You Suck At Racing: A Crash Course for the Novice Driver by Ian Korf
Hold the fluff, add extra snark. This entertaining book on racing skips the noise and jumps right into real tips on performance driving and racing…all while keeping it light and often reminding the reader that we are doing this for fun. It reads more like a conversation with a friend over beers than an academic “how to”.
The first few pages of “You Suck At Racing” had me laughing out loud regularly with a combination of blunt honesty and sarcastic jokes. As the pages continued to turn, some jokes continued but it mostly pivoted to putting the information forward as simply as possibly (Which is honestly, a good thing).
You Suck At Racing covers driving techniques like proper line, panic braking, seating position, the importance of rest for the body/Mind, etc.
The book was pretty clearly written for the new driver looking to jump into the ranks of budget endurance racing like 24 Hours of LeMons and Champcar (Formerly Chumpcar), and some of the advice reads as such… but most of the information is universal and while it would be most helpful to a brand new driver, a little review never hurt.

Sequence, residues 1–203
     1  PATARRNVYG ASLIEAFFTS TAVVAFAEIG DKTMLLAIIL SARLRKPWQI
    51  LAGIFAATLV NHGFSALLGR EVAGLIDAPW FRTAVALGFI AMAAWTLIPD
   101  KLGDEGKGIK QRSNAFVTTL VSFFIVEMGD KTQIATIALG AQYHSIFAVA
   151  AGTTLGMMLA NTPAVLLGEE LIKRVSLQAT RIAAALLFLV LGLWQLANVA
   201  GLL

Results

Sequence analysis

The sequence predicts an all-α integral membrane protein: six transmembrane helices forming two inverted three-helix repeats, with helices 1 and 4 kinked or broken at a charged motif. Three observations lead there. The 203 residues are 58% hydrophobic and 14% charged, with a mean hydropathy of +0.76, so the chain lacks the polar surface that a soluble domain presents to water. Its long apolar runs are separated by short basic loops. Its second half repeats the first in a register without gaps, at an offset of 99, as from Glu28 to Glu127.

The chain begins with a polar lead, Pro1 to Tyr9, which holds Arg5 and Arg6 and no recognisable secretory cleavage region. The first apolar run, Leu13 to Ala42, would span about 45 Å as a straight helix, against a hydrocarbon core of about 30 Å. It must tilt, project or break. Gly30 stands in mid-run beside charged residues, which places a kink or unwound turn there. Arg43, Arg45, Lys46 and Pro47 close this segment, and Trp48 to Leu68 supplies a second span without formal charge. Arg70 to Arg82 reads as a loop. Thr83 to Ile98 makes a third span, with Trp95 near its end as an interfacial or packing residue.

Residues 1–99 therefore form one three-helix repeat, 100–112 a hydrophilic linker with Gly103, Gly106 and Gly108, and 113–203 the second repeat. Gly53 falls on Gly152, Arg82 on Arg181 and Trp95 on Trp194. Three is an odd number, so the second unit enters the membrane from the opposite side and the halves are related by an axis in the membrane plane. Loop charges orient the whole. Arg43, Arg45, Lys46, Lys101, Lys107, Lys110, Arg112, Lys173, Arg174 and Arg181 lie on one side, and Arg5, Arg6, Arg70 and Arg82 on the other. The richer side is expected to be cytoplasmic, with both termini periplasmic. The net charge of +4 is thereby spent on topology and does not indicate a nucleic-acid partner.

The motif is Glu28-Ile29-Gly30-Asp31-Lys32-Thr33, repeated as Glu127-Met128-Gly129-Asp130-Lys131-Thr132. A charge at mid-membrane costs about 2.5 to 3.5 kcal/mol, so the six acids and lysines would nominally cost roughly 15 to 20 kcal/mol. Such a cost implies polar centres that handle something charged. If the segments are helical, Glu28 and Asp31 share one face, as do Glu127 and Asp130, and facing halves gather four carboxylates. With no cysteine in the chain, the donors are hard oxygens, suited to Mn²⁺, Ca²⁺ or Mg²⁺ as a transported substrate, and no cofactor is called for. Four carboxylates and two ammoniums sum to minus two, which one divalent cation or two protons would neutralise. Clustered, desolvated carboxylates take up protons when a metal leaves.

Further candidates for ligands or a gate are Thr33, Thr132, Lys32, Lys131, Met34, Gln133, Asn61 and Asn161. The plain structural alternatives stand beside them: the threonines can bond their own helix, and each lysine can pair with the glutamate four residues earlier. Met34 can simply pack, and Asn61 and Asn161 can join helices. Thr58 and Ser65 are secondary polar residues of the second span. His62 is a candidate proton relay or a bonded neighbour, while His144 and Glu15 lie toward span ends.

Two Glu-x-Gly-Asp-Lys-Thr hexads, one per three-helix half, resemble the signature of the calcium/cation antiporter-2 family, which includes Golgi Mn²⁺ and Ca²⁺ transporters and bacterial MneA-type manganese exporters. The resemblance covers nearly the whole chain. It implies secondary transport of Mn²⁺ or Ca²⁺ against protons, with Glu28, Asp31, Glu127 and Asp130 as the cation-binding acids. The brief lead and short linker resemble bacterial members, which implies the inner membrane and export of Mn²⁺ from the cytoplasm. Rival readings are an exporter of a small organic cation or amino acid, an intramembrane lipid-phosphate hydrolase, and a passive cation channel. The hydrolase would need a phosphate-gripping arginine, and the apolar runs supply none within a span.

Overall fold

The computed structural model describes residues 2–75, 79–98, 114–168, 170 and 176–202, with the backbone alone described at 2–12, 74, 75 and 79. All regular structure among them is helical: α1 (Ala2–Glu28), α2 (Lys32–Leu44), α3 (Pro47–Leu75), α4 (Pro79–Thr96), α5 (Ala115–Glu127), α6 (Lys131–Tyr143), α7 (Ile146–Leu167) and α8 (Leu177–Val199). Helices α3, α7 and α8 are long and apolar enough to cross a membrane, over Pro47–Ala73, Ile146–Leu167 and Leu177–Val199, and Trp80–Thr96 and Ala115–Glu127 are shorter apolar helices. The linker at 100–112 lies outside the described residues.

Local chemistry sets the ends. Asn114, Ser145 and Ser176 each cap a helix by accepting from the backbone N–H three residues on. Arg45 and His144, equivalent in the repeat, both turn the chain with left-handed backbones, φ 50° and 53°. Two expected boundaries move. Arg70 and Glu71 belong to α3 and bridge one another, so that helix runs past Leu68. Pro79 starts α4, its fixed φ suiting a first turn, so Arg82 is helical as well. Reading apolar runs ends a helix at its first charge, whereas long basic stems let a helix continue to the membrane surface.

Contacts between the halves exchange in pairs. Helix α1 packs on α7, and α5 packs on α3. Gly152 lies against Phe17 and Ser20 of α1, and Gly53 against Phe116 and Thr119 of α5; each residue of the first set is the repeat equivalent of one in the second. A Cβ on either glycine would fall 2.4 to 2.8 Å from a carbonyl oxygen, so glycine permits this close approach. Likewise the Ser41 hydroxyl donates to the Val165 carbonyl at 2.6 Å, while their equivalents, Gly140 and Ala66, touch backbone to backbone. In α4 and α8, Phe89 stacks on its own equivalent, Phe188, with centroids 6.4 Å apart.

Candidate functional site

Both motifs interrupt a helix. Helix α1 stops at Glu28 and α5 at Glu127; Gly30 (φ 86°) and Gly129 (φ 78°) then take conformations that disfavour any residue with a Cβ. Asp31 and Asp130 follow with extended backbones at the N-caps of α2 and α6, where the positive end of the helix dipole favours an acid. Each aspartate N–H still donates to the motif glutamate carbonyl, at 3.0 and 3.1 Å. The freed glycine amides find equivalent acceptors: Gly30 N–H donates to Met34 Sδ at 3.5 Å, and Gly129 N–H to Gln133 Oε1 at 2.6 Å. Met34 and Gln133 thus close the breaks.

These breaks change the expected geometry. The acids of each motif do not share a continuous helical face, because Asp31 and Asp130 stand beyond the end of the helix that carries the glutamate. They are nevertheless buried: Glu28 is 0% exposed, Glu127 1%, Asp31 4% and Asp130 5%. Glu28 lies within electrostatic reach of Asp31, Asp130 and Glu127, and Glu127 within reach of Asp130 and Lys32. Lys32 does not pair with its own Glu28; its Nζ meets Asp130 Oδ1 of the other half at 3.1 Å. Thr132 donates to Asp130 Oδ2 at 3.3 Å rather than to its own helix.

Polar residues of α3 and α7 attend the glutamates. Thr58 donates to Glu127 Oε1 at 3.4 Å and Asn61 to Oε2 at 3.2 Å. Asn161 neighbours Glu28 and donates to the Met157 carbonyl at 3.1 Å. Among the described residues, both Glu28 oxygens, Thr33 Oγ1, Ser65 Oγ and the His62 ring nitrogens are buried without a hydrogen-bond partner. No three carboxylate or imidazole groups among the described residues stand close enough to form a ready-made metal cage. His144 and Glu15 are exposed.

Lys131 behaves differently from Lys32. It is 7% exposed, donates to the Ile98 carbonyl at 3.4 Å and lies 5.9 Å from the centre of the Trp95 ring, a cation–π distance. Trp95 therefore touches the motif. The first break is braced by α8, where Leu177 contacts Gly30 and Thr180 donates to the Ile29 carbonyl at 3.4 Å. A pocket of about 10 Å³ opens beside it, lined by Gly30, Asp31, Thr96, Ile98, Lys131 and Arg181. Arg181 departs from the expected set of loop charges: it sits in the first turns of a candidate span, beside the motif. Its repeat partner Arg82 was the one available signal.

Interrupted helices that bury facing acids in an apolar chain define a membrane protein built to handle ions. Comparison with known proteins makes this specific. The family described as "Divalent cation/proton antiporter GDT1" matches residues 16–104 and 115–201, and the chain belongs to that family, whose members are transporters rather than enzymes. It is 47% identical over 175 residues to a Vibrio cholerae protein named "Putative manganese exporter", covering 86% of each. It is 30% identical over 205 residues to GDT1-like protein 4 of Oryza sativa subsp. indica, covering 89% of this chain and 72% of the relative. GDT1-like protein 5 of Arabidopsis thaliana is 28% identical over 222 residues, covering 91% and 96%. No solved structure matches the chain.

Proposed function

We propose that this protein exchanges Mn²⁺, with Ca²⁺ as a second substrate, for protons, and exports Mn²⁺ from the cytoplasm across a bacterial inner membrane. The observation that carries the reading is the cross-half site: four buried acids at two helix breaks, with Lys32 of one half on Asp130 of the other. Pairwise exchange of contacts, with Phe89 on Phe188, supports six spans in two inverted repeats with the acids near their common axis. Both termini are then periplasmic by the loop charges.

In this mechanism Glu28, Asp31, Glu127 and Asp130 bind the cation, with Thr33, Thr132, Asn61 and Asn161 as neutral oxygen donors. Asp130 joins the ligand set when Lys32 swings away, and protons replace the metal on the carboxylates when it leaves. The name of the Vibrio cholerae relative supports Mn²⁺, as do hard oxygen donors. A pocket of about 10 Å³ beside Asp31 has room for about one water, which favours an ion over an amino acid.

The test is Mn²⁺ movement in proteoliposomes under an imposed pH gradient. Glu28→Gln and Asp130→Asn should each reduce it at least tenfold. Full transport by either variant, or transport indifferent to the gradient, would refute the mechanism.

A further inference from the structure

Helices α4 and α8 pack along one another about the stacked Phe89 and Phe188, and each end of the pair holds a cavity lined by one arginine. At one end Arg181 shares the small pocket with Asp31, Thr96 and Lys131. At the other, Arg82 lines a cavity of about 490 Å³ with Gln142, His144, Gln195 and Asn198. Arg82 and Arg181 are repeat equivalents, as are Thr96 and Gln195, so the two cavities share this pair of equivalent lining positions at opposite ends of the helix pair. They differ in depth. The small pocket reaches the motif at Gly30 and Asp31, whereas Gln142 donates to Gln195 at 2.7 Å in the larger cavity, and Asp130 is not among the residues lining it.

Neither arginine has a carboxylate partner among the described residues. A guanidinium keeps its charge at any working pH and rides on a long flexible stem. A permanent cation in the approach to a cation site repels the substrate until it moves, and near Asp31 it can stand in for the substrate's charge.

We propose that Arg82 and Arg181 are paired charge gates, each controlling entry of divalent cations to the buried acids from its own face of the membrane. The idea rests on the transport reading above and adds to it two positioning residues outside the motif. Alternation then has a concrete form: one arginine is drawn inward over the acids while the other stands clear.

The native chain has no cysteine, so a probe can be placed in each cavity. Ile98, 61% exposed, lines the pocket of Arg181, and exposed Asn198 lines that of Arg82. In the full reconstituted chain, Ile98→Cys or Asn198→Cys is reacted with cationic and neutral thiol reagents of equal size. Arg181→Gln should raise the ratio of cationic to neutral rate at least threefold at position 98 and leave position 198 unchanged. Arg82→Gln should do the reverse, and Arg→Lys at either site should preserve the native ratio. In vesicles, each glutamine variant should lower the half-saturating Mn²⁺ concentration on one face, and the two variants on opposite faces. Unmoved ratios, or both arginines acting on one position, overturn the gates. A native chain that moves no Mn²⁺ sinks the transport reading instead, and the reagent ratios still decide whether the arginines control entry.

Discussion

I took a bit of an issue with two sections A) the section on passing: While it is written for the HPDE/Budget Enduro Racing audience, the tips go contrary to sprint racing where battling for midcorner passes is an outright requirement. It’s not a problem, just goes against what I’m used to B) When the author suggested reviewing crash footage at a track to learn the dangerous spots on track: I’ve written in a few posts why I don’t like sharing crash videos, though I admit it is a crafty idea to know where to be careful. I just fear that a sheepish “new to racing” person may go dig through crash videos and change their mind about trying the whole thing out.
All in all, this book is part skills review, and part reminder to not take ourselves too seriously. Just before the end there is a powerful section about being inclusive and making everyone feel welcome in racing, even and especially if they don’t fit the typical demographic. It’s a very quick read and definitely worth running through.
Pros: Simple, quick, easy read. Cuts straight to the chase. Is honest, and entertainingly snarky.
Cons: I don’t love every bit of advice, especially the part suggesting you find crash videos to learn a track, and passing etiquette is quite specific for entry level enduros.
Verdict: Whether you’re thinking about getting into racing or an experienced racer looking for some light reading, this book is 100% worth the read. While you’re waiting for your copy to arrive, check out the author’s blog with the same name, YouSuckAtRacing.wordpress.com/
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